Gabriela Rose was standing in a small clearing that led to a rope-and-board footbridge. The narrow bridge spanned a gorge that was a hundred feet deep and almost as wide. Rapids roared over enormous boulders at the bottom of the gorge, but Gabriela couldn’t see the river because it was raining buckets and visibility was limited.
She was deep in the Ecuadorian rain forest. Her long dark brown hair was hidden under an Australian safari hat, its brim protecting her brown eyes from the rain. She was a martial arts expert. She ran five miles every morning. She was a crack shot and a gourmet cook. None of these skills were keeping her dry. She was wet clear through to her La Perla panties. Her camo cargo pants and Inov-8 Bare-Grip hiking shoes were caked with mud. She was carrying a Glock .38 in a Ziploc bag tucked into a hip pocket. Other pockets held her passport, a folding Buck knife, and moisturizing lip gloss. Her daypack held a useless waterproof poncho, protein bars, her Ziploc-bagged cell phone, and assorted other necessities for jungle trekking.
She was with two local guides, Jorge and Cuckoo. She guessed they were somewhere between forty and sixty years old, and she was pretty sure that they thought she was an idiot.
“Is this bridge safe?” Gabriela asked.
“Yes, sometimes safe,” Jorge said.
“And it’s the only way?”
She looked at Cuckoo.
“You first,” she said to Jorge.
Jorge did another shrug and murmured something in Spanish that Gabriela was pretty sure translated to “chickenshit woman.”
Let it slide, Gabriela thought. Sometimes it gave you an advantage to be underestimated. If things turned ugly, she was almost certain she could kick his ass. And if that didn’t work out, she could shoot him. Nothing fatal. Maybe take off a toe.
It had been raining when she landed in Quito two days earlier. It was still raining when she took the twenty-five-minute flight to Caco and boarded a Napo River ferry to Nuevo Rocafuerte. And it was raining when she met her guides at daybreak and settled into their motorized canoe for the six-hour trip down a narrow, winding river with no name. Just before noon, they’d pulled up at a crude campground hacked out of the jungle. They’d immediately left the river behind and followed a barely there trail through dense vegetation. And it was still raining.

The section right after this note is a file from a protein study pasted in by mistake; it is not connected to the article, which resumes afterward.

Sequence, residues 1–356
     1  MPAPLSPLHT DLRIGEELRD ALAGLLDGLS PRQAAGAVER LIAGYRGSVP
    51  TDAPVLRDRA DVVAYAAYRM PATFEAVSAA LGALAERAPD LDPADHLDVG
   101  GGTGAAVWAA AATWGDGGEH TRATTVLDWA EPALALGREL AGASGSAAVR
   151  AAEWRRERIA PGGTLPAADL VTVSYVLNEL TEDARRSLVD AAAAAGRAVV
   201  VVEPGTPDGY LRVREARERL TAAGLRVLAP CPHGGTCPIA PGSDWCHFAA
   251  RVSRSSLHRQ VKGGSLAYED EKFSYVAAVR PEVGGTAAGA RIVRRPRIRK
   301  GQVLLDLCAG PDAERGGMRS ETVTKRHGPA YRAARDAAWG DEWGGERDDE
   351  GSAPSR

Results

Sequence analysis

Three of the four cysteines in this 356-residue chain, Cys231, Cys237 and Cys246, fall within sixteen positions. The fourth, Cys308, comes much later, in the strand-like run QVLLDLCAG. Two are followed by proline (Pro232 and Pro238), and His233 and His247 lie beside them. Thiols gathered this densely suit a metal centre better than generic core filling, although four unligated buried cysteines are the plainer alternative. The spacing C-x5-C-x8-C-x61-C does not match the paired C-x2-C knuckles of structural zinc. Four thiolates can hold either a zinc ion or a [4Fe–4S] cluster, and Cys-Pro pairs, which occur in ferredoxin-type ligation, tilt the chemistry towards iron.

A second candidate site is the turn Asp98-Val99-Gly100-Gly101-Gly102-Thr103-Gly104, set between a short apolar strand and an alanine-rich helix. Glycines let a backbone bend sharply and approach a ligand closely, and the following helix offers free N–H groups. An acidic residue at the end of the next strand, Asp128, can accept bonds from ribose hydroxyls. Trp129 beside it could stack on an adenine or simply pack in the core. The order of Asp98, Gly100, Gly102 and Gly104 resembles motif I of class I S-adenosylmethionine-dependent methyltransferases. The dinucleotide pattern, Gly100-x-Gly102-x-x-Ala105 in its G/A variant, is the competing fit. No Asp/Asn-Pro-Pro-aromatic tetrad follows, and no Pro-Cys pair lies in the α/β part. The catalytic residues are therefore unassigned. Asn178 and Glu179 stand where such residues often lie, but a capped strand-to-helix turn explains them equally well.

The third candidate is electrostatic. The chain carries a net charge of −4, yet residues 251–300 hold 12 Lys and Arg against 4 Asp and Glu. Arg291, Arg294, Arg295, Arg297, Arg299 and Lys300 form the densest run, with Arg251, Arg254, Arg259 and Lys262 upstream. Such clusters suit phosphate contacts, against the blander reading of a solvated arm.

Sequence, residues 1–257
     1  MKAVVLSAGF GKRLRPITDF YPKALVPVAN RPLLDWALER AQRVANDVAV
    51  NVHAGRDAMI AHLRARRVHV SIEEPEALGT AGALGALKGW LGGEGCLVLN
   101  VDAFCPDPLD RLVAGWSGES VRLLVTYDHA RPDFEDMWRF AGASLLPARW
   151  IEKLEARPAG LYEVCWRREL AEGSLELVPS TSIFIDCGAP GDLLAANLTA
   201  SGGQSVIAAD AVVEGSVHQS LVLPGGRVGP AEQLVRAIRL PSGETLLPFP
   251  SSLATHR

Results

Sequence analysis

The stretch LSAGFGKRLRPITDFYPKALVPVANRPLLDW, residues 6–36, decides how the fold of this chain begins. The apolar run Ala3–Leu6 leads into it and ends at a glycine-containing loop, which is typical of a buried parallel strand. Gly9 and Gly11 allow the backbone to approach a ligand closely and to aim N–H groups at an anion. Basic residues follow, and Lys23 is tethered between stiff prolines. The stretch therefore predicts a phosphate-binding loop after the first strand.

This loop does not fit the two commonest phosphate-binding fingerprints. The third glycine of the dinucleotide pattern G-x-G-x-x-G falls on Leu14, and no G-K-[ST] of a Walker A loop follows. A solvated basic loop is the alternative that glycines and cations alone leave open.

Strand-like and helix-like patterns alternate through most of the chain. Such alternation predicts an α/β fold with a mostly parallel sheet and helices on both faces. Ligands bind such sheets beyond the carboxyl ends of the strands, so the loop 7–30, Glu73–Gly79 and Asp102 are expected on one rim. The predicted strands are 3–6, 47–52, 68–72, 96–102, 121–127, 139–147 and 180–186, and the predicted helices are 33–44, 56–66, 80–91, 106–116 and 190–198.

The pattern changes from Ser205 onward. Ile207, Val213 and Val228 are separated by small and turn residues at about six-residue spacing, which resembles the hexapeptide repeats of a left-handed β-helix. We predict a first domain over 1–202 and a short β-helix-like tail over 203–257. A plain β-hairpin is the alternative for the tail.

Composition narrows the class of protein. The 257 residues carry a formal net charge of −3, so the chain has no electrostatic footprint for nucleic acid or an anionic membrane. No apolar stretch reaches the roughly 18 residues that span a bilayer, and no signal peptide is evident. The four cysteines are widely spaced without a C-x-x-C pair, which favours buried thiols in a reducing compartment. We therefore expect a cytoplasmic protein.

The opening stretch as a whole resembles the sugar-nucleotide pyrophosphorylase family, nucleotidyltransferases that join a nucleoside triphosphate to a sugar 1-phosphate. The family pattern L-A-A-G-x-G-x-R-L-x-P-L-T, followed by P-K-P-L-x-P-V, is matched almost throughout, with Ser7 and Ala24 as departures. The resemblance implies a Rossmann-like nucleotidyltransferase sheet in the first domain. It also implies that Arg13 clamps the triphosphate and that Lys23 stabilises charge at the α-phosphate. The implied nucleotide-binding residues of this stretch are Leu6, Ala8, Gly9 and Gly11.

“Insurance Fraud Investigator” was printed on Gabriela’s business card, and she had an international reputation for excellence in the field. As an independent contractor she had the luxury of accepting jobs not related to insurance fraud, whether because they paid well or because they were fun. Her current job had checks in both boxes.
She’d been hired to find Henry Dodge and retrieve an amulet he was carrying. She didn’t have a lot of information on the amulet or Dodge. Just that he couldn’t leave his jobsite, and he’d requested that someone come to get the amulet. Seemed reasonable since Dodge was an archeologist doing research on a lost civilization in a previously unexplored part of the Amazon Rain Forest. The payoff for Gabriela was a big bag of money, but that wasn’t what had convinced her to take the job.
She was possibly a descendant of the infamous pirate Blackbeard, and she was fascinated by seventeenth- and eighteenth-century pirates and the civilizations they touched. The opportunity to visit the site of a lost city was irresistible. It was also her thirtieth birthday. What better way to celebrate it than to have an adventure?
“How much further?” she asked Jorge.
“Not far,” he said. “Just on the other side of the bridge.”
Twenty minutes later, Gabriela set foot on the dig site. She’d been on other digs, and this wasn’t what she’d expected. There was some partially exposed rubble that might have been a wall at one time. A couple of tables with benches under a tarp. A kitchen area that was also under a tarp. A stack of wooden crates. A trampled area that suggested it might have recently been used as a site for several tents. Only one small tent was currently left standing.
There were no people to see except for one waterlogged and slightly bloated man lying on the ground by the rubble, and a weary-looking man sitting on a camp chair. The first was clearly dead. The second stared at them as they approached.
“This is not good,” Jorge said. “One of these men is very dead and something has eaten his leg.”
“Panther,” the man in the chair said. “You can hear them prowling past your tent at night. This site is a hellhole. Were you folks just out for a stroll in the rain?”
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